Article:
Here are examples of what these reports look like in Ahrefs (using my own site as a model).

Both of these reports will give you an easy and quick overview of the site’s general link profile.

If you see lots of dodgy anchor texts, for example about online casinos, crypto, or porn, then you might want to avoid getting a backlink from that site.

But keep in mind that the site could have been a victim of a negative SEO attack (where a dishonest competitor buys a bunch of toxic links and uses them to target the site).

If the other metrics are positive, particularly relevance, then I’d likely go ahead and ask for the backlink anyway.

#5. Red flags

When you’re scoping out a potential backlink opportunity, it’s important to head back to their site and keep your eyes peeled for some common red flags.

One thing to watch out for is a “write for us” page. While not always a deal-breaker, it can be a sign that the site is more interested in getting free content than building genuine relationships.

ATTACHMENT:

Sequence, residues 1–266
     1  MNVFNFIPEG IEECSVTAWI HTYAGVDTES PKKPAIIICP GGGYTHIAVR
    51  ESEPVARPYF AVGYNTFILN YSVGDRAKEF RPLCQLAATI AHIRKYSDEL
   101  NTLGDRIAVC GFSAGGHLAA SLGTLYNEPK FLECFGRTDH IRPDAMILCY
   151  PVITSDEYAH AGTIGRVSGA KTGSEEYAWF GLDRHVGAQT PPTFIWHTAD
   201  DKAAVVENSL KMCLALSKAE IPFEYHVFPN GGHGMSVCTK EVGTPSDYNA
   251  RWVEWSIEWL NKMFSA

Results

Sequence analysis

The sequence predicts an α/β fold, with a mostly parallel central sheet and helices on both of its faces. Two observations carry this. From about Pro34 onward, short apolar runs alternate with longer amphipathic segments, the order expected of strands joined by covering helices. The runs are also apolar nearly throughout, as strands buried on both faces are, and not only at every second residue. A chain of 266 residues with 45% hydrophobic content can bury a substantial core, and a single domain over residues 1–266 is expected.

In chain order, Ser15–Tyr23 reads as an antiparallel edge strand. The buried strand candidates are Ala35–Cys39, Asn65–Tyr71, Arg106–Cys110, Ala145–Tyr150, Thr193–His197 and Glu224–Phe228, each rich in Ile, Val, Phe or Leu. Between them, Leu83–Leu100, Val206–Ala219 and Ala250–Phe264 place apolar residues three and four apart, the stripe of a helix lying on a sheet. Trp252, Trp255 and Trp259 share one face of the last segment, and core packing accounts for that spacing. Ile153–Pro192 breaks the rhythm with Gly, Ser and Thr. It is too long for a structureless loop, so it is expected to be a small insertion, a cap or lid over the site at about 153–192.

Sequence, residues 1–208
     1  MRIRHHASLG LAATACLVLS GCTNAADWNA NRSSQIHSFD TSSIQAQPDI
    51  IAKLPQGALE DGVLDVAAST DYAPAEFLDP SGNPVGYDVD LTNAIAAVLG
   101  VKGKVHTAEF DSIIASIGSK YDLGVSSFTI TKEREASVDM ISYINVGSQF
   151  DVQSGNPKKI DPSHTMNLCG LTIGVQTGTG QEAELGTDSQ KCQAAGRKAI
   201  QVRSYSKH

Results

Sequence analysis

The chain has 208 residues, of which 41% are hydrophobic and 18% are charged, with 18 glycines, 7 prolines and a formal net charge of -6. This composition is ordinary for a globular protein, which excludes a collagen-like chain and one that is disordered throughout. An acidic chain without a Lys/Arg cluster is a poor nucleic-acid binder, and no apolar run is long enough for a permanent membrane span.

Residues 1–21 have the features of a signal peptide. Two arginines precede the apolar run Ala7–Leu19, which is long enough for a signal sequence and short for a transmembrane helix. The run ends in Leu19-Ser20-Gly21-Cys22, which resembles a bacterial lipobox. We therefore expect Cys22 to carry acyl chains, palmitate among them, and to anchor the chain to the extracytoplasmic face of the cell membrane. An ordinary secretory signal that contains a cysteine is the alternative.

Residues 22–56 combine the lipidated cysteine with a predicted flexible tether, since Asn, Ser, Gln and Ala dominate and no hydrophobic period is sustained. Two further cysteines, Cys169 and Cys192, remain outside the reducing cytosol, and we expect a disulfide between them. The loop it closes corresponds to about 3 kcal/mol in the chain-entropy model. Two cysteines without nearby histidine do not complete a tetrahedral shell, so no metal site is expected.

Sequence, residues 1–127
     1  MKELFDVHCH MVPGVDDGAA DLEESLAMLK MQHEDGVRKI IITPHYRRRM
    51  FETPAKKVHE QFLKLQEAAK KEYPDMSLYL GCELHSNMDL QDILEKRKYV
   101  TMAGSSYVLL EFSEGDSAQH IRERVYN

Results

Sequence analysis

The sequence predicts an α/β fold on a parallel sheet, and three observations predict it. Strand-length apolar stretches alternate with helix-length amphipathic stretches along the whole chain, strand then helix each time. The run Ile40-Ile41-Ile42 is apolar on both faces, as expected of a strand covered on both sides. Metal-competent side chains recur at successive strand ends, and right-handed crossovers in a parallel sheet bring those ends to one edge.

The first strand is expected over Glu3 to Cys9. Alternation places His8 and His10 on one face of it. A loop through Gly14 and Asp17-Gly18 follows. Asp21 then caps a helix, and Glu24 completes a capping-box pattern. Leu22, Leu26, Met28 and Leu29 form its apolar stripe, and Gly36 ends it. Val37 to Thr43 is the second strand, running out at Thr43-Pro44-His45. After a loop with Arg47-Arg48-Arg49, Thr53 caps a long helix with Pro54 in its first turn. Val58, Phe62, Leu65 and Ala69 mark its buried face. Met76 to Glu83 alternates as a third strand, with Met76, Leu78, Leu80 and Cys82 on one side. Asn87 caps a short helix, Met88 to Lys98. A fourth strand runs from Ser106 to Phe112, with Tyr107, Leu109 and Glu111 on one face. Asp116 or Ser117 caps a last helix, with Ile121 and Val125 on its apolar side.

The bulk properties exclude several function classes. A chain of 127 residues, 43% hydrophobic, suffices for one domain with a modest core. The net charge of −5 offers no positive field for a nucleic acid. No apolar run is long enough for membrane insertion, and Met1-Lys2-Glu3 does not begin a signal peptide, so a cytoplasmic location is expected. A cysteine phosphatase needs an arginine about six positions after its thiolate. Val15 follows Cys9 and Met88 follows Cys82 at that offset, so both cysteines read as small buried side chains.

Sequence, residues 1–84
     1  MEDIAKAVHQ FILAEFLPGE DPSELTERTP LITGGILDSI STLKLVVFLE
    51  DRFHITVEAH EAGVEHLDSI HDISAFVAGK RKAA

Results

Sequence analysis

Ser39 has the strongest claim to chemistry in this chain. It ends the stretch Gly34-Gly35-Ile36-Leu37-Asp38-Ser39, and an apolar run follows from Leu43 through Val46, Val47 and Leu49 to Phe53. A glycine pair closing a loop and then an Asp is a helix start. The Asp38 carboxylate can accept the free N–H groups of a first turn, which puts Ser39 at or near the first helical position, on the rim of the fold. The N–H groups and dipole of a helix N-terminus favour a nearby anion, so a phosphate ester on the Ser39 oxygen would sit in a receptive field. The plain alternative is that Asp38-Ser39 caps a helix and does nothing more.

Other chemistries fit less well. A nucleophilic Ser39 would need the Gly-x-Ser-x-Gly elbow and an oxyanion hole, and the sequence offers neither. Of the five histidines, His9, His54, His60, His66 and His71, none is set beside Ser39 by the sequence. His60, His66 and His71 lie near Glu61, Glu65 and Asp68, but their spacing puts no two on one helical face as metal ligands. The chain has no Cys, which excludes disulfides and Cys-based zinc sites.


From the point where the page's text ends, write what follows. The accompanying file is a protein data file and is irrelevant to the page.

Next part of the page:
Another potential issue is a lack of named writers on the site, or ones that seem suspicious or fake. A high-quality site will typically have a clear roster of contributors with real bios and credentials.

You should also be wary of sites that cover a really broad, random assortment of topics.

This can be a telltale sign of a link farm that’s just churning out content to game the search engines, rather than providing real value to readers.

Here’s an example of a link farm masquerading as a genuine news site

Finally, ask yourself: does this site have a legitimate reason to exist? Is it a genuine business or brand, and does it seem to be solving a real problem for its target audience?

If the answer is no, that’s a major red flag that the site may not be a valuable backlink partner.